27 Jun 2016
Fon Mathuros, Head of Media, World Economic Forum, Tel.: +41 79 201 0211, Email: firstname.lastname@example.org
· Regulations should be in place to control how consumers’ personal data are being collected online, used and shared by companies
· Online users need to have a greater say over the kind of information they are willing to share
· Public literacy programmes on algorithms will help preserve freedom of choice
· The Annual Meeting of the New Champions 2016 is taking place in Tianjin, People’s Republic of China, from 26 to 28 June
· Follow the Annual Meeting of the New Champions 2016 (#amnc16) at http://wef.ch/amnc16
Tianjin, People’s Republic of China, 27 June 2016 – Regulations should be in place to control how consumers’ personal data are being collected online, used and shared by companies, experts concurred in a panel discussion at the Annual Meeting of the New Champions 2016 on algorithms and the loss of privacy. They were debating the motion that losing control of our personal data is offset by the power of convenience of algorithms. The latter refers to coding language that drives most websites and mobile applications to recognize preferences and influence what consumers see online.
For regulations to be truly effective, there needs to be consistency in government and private-sector understanding of privacy issues, in addition to common international standards on how data is managed. “There is a clear divergence of thought between what happens in Europe in relation to how data is managed and controlled and what happens in the US. There has to be some convergence in the management of data,” observed Rob Leslie, Chief Executive Officer, Sedicii, Ireland.
Consumers need to be given a greater say over the kind of information they are willing to give up, the experts agreed. For example, mobile applications frequently ask for carte blanche access to a variety of personal data on a mobile device that are seemingly unrelated to the online service rendered.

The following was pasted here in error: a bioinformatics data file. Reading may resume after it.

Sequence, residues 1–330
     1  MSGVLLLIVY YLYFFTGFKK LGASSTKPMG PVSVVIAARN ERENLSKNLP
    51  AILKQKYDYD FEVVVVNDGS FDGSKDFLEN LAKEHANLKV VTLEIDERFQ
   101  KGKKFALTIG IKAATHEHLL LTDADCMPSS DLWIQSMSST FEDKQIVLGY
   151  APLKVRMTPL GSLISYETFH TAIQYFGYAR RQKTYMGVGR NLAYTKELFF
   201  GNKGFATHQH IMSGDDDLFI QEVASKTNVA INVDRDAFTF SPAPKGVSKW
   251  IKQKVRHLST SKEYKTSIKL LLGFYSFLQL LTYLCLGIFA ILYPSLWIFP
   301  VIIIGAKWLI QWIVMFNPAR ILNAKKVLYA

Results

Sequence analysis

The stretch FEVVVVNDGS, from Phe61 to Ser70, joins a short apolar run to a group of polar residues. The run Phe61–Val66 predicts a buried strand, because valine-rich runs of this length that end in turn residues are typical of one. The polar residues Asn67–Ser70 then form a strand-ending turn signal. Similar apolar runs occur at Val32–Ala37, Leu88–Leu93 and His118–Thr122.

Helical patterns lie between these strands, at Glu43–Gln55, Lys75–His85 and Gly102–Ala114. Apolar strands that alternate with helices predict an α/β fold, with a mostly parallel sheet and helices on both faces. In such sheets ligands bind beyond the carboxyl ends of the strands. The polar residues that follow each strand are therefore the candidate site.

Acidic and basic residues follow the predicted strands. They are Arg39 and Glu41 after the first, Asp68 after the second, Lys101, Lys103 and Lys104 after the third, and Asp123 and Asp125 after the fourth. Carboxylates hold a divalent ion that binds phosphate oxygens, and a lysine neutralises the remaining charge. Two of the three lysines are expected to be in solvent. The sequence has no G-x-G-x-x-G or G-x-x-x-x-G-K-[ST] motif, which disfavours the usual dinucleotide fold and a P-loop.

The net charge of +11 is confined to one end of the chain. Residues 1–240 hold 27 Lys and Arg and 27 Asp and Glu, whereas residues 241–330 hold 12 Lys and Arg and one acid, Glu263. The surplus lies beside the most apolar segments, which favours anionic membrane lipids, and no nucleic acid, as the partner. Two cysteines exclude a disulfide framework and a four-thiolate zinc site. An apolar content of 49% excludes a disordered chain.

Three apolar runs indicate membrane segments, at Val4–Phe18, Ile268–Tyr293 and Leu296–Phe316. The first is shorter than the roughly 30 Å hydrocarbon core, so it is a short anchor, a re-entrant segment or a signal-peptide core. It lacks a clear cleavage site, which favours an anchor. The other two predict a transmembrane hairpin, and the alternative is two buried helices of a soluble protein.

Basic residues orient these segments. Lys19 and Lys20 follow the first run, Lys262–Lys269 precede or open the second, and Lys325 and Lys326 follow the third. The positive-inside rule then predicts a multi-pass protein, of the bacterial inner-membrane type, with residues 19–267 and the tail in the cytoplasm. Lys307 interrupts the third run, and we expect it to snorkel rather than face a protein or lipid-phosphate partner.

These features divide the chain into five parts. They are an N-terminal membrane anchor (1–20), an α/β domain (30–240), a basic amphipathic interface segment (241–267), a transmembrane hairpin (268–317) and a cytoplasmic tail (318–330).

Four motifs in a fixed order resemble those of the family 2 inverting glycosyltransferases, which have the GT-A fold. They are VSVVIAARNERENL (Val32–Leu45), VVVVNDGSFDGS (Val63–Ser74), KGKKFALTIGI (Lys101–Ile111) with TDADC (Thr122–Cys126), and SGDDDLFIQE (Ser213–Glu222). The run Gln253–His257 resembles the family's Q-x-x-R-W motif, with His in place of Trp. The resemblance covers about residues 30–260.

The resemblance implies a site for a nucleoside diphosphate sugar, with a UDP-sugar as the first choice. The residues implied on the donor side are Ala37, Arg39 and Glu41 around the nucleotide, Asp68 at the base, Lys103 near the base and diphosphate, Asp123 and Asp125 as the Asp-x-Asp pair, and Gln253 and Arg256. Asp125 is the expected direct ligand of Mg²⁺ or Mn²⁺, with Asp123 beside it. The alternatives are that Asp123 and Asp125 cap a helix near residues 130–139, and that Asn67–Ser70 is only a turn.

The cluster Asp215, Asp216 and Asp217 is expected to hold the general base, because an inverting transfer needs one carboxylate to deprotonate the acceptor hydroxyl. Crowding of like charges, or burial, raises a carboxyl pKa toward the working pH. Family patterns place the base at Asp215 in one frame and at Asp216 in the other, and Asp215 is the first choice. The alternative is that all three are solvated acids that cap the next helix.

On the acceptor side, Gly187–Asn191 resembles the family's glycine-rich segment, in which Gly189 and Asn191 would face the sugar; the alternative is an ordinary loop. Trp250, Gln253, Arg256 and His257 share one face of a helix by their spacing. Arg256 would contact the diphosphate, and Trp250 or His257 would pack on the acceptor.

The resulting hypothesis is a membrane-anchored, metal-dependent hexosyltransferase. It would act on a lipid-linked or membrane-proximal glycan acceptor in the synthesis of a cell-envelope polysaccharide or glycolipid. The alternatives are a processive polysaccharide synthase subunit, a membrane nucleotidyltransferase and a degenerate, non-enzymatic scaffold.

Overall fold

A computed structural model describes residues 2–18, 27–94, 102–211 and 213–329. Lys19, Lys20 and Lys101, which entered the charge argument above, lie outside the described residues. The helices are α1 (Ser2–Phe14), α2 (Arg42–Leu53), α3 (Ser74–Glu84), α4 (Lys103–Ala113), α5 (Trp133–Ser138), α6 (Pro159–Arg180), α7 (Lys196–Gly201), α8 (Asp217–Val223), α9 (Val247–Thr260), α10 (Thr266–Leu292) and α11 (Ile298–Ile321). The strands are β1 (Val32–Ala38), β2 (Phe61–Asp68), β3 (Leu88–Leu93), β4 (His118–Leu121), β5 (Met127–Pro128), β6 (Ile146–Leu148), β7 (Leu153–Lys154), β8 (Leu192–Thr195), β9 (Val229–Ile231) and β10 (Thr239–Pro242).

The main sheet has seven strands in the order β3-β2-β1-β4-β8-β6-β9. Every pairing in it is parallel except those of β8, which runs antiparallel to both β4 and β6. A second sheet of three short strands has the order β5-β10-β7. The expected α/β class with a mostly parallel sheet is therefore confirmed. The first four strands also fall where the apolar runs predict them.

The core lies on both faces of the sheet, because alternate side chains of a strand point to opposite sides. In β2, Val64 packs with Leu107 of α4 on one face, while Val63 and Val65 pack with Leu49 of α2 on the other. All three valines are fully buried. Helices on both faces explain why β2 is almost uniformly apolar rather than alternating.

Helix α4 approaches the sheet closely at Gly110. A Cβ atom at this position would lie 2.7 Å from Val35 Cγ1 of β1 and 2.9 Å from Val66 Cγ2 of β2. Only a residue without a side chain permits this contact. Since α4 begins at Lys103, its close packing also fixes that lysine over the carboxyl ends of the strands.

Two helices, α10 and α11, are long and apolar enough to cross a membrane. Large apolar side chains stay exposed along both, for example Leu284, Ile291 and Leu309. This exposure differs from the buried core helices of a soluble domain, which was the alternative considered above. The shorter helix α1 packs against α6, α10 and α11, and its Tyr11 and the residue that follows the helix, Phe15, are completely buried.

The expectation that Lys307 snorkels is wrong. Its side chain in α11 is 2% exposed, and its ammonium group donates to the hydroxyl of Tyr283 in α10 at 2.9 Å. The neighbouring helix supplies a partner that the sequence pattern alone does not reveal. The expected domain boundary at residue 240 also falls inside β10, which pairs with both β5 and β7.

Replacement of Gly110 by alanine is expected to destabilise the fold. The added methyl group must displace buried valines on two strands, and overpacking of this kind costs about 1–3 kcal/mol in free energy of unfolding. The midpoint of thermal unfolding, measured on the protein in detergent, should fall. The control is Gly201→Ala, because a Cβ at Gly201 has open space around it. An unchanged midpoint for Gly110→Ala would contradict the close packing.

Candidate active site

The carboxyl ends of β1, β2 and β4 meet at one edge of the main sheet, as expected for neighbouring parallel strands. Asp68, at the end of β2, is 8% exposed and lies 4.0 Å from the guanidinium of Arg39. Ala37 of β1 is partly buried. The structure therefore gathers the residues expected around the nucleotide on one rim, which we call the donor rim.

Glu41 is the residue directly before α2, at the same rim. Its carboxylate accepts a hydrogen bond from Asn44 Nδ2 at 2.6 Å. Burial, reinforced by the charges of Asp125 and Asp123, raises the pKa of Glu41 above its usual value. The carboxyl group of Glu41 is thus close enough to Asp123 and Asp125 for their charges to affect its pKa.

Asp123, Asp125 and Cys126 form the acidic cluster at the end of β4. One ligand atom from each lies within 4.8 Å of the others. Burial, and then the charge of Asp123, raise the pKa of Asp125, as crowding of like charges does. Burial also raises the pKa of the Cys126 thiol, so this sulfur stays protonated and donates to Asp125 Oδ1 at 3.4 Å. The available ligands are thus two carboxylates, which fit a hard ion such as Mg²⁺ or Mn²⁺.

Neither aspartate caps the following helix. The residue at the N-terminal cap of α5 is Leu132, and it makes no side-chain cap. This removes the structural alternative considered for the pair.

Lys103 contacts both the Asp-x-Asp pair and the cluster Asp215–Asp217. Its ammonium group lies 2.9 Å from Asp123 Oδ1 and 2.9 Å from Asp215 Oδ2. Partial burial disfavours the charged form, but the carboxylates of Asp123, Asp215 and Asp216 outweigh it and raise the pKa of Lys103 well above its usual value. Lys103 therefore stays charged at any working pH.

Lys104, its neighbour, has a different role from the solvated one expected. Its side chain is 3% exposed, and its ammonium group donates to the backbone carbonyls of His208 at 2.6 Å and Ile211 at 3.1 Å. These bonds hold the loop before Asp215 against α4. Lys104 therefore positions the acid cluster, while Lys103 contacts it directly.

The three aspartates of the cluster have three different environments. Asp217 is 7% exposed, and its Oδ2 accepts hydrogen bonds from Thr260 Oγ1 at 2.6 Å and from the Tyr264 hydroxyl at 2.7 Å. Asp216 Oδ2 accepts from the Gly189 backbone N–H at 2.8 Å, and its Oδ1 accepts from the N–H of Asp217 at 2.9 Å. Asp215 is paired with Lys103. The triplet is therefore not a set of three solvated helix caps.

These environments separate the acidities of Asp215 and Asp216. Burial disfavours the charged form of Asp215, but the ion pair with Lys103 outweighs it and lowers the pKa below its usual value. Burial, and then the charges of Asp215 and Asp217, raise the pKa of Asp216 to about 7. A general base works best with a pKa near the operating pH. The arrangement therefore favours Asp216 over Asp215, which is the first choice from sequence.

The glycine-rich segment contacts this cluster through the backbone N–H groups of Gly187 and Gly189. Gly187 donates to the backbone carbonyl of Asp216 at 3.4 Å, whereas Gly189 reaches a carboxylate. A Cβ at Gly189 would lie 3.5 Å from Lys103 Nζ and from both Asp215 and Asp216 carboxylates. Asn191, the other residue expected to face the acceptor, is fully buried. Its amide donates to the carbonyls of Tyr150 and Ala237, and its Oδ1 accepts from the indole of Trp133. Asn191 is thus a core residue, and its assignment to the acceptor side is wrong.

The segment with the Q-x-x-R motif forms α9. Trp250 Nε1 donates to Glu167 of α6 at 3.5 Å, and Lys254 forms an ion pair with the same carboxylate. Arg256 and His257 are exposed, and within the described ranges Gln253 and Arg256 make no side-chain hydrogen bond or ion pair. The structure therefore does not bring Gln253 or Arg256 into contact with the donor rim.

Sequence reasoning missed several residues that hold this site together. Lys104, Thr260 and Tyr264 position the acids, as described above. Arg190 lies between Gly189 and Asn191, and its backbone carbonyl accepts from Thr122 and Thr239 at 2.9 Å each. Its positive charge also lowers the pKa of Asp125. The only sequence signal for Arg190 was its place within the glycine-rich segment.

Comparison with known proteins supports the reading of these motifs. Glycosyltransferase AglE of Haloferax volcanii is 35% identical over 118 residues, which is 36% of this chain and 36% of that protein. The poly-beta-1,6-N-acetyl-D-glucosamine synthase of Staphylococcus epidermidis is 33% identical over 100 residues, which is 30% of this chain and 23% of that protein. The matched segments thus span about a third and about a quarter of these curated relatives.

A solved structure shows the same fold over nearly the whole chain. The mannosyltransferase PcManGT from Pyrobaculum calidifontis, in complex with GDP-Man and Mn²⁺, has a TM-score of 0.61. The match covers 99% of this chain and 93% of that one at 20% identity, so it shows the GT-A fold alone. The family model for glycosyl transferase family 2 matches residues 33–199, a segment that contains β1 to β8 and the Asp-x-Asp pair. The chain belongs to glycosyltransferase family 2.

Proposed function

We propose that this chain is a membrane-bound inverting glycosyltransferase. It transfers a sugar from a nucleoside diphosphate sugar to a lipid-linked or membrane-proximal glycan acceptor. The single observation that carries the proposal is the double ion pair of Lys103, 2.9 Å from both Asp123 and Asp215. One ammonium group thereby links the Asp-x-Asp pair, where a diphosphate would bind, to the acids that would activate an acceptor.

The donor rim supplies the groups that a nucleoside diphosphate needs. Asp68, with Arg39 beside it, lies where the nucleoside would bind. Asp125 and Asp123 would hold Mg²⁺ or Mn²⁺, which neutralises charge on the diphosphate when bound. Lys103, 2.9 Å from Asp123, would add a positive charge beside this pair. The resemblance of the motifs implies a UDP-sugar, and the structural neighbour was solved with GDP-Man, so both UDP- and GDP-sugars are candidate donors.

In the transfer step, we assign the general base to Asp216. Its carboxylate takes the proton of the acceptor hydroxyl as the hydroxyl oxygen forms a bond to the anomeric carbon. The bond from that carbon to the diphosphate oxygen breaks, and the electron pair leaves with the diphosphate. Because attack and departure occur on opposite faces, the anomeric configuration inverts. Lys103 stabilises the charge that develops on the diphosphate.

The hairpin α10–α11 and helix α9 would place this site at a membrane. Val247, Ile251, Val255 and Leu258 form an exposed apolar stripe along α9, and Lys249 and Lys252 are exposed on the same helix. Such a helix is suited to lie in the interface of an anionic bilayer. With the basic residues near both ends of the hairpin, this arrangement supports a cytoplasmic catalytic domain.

“Right now, it’s an all-for-nothing proposition,” noted Quentin Clark, Chief Business Officer and Member of the Global Managing Board, SAP, USA, referring to demands by some websites and mobile apps for total access to data in exchange for access to content. Clark said he thinks it may take several notable incidents involving the loss of privacy before all stakeholders start demonstrating concern. There should be a third option, said Leslie, who suggested people be given the choice to pay for online service in return for not sharing personal data.
Farida Vis, Director of the Visual Social Media Lab and Faculty Research Fellow at the University of Sheffield in the United Kingdom, underscored the importance of introducing what she termed “consumers’ algorithmic literacy”. Public education can be helpful in raising consumers’ understanding of algorithms and how it influences their decision-making so that an individual’s freedom of choice is not compromised, explained Vis. This is particularly important in political elections, where algorithms may influence voting behaviour and obfuscate the decision-making process. She also raised the spectre of user profiling based on algorithms and how it may lead to class discrimination and limit the potential of certain segments of the population.
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